Accepting the need for Electronic Trading

In its recent history,the Asian market has been characterized by the adoption of technology in a much more compressed time-frame as compared to its counterparts in the western world. This has been true of the industrial as well as the services sector, where it is also holds true for electronic equity trading. Asia is well poised for a rise in the share of electronic trading in the next few years. Markets such as Japan, Australia, Singapore, Hong Kong and India are seeing a lot of investment happening that is related to Direct Market Access (DMA), Smart Order Routing (SOR) and High Frequency Trading (HFT). The associated infrastructure such as market data services, co-location and so on are also being paid attention to, as is the requirement for helpful regulation. However, in some markets, the regulators are not very confident about and supportive of the needs of greater electronic trading. This is partly because of the financial crisis and rising requirements for risk management, and also due to the flash crashes that have occurred in the NYSE and OSE markets. We expect the regulatory framework to become more flexible in most markets, but there is still an important element that needs to be addressed across the board in the Asia-Pacific. That is the role of smaller brokerages and the buy-side. Unlike larger brokerages, these are still reluctant to adopt electronic trading and to make the investments required to have the same. While attitudes and capabilities do not change overnight, I believe that market investors in Asia need to be made aware of some harsh realities. To start with, the way HFT and algorithmic trading evolved in the US and European markets, there was very little time for market participants to react to and adopt such trading. The change happened so quickly that a number of brokerages and buy-side firms were unable to cope and had to operate in a more constrained fashion or even shut down. The incentive that HFT provides for those trading larger volumes means that the smaller players are at a relative disadvantage. This increases even more if they are slow to react and do not adopt electronic trading. So it is not just the speed of trading that is important to succeed, it is also the speed of thought. Hence, smaller brokerages and buy-side firms in Asia should be more positive and not be afraid of investing in DMA, SOR or HFT. The gains from these might not be apparent immediately, but if the lessons from the western markets teach us anything, it is that the quick and nimble-footed firms were the most successful during the rise of electronic trading. With the trading infrastructure in Asia changing so rapidly, there is little reason to believe things are going to be different here.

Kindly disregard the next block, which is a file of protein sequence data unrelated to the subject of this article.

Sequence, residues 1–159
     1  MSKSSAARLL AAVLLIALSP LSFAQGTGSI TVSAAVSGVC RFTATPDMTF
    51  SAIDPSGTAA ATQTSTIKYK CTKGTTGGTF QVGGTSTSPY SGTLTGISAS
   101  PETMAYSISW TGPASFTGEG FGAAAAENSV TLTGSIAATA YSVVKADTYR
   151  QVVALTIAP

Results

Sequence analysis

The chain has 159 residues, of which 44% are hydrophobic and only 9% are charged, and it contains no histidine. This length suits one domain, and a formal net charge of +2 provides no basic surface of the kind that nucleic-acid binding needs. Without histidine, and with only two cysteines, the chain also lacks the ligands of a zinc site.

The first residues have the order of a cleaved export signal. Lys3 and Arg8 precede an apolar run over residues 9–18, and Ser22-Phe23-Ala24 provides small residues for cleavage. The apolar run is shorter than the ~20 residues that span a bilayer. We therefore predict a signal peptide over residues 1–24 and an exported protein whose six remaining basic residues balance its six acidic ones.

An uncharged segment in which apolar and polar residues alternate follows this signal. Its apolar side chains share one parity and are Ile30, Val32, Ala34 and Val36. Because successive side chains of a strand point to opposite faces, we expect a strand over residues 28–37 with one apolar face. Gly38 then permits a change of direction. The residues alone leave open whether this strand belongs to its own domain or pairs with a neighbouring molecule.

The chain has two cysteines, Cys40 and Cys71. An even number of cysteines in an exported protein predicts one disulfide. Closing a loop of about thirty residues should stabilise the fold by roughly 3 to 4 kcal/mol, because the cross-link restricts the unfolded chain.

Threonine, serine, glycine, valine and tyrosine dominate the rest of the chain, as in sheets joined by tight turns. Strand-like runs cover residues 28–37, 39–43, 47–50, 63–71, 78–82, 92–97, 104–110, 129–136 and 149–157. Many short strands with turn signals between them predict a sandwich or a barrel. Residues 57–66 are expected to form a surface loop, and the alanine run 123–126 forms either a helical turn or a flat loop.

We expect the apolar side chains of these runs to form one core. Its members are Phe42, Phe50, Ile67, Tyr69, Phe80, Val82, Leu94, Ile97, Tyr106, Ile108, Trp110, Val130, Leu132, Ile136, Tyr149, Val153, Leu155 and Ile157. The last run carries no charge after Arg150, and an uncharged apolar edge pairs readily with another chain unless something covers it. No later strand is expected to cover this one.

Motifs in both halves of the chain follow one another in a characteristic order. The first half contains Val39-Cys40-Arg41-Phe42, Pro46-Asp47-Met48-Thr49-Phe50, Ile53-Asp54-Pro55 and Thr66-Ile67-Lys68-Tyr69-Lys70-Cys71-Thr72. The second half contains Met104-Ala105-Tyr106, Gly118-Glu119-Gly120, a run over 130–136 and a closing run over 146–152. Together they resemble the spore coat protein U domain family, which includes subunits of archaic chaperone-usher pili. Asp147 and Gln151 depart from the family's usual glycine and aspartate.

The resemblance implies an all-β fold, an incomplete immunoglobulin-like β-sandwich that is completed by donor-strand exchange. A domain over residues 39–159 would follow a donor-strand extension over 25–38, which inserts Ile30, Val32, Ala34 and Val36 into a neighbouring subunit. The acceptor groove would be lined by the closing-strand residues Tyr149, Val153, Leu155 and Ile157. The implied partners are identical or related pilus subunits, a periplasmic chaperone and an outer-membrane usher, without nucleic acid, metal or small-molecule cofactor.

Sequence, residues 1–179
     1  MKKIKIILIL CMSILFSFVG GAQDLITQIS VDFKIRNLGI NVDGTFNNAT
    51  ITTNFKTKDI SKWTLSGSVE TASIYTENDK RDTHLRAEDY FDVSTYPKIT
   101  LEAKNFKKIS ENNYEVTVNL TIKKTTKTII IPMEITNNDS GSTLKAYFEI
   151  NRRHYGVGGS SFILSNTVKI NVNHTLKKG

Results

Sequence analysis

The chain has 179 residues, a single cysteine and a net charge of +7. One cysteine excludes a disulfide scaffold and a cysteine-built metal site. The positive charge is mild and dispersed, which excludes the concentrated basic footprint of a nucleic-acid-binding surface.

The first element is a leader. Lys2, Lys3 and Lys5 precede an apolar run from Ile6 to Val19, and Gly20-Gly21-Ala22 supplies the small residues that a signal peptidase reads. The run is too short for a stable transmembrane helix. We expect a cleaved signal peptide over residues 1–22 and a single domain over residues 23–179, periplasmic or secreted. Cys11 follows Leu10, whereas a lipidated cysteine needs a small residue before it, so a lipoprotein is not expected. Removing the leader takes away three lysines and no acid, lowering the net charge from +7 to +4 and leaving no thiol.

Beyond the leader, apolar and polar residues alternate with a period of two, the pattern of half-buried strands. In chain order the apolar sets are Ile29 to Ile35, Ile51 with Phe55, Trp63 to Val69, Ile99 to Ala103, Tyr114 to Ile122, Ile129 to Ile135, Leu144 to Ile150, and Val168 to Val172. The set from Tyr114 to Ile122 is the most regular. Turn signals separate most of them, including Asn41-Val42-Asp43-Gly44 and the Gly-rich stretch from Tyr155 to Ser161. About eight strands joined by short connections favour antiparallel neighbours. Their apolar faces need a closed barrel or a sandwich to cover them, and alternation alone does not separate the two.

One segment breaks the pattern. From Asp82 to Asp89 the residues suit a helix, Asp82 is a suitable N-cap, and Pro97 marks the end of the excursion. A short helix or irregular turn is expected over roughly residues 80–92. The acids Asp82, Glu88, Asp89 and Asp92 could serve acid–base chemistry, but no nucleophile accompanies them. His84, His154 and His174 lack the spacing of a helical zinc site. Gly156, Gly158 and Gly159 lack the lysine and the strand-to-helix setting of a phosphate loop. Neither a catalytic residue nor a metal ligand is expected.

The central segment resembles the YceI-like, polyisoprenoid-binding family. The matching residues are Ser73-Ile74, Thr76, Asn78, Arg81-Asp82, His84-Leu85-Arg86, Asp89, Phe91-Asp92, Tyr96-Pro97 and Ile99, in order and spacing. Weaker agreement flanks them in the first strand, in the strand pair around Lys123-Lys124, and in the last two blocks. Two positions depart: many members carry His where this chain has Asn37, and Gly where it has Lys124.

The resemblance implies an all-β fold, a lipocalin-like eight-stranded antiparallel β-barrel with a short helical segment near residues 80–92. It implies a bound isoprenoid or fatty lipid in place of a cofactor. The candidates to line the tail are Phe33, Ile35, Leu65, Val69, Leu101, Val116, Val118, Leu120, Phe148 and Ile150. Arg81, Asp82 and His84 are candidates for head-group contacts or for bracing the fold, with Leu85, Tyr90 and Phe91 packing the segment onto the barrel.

Market Data in Wealth Management: An Asian Perspective

One lesson of the recent crisis for wealth management firms is the need to address changes in client attitudes. Of late there has been a massive increase in the range of products leading to complex combination of investment scenarios. Wealth managers, in their aim to remain trusted advisors, have turned to market data providers to remain knowledgeable about market news and gain deeper insight into market analysis. Market data, considered a commodity till recently, is gaining importance for wealth managers for redesigning portfolios and to provide information from different sources in a single and user friendly space. The primary users of market data through wealth management applications include front office staff, including advisors, relationship managers, and investment specialists who use data to analyze existing portfolios and develop investment strategies. Market data is also used in the back and middle offices for handling the management, oversight, and administration of investments and trades. In Asia, different countries are at different levels of maturity in terms of wealth management. Japan is the biggest market and mostly institutional; Singapore and Hong Kong are sophisticated and closer to the Swiss private banking model. Outside Japan, Australia, Singapore, and Hong Kong, requirements are very local and domestic in nature in terms of product choices, regulatory and compliance requirements, and language issues. Investors in these countries prefer domestic asset classes, and mostly invest on their own without relying on advisors heavily. So far wealth management firms have mostly been relying on traditional portals like Bloomberg, Thomson Reuters, etc. With greater regulatory oversight post-crisis, emerging focus on online channel and greater demand for global data, wealth management firms’ approach to market data is changing. Before the financial crisis, firms mostly preferred siloed solutions for separate job functions. This not only increased cost for data management systems but also resulted in duplicate data. This attitude is slowly changing, and firms are after an enterprise wide market data strategy. Move to web-based technology, request for specific services like email and mobile alerts are also notable trends in this market of late. Still, the market is not as sophisticated as those in the West. Many global market data vendors use the same central solution in Asia, with some customization required for local requirements. Celent has learnt that some vendors use a simpler version of their product in Asia by disabling many functions and having small, product-specific resources. Local data vendors have strong presence in Japan; many software vendors, working in conjunction with the content providers, are active in this space, especially in India and China. Other regions are mostly dominated by the global players.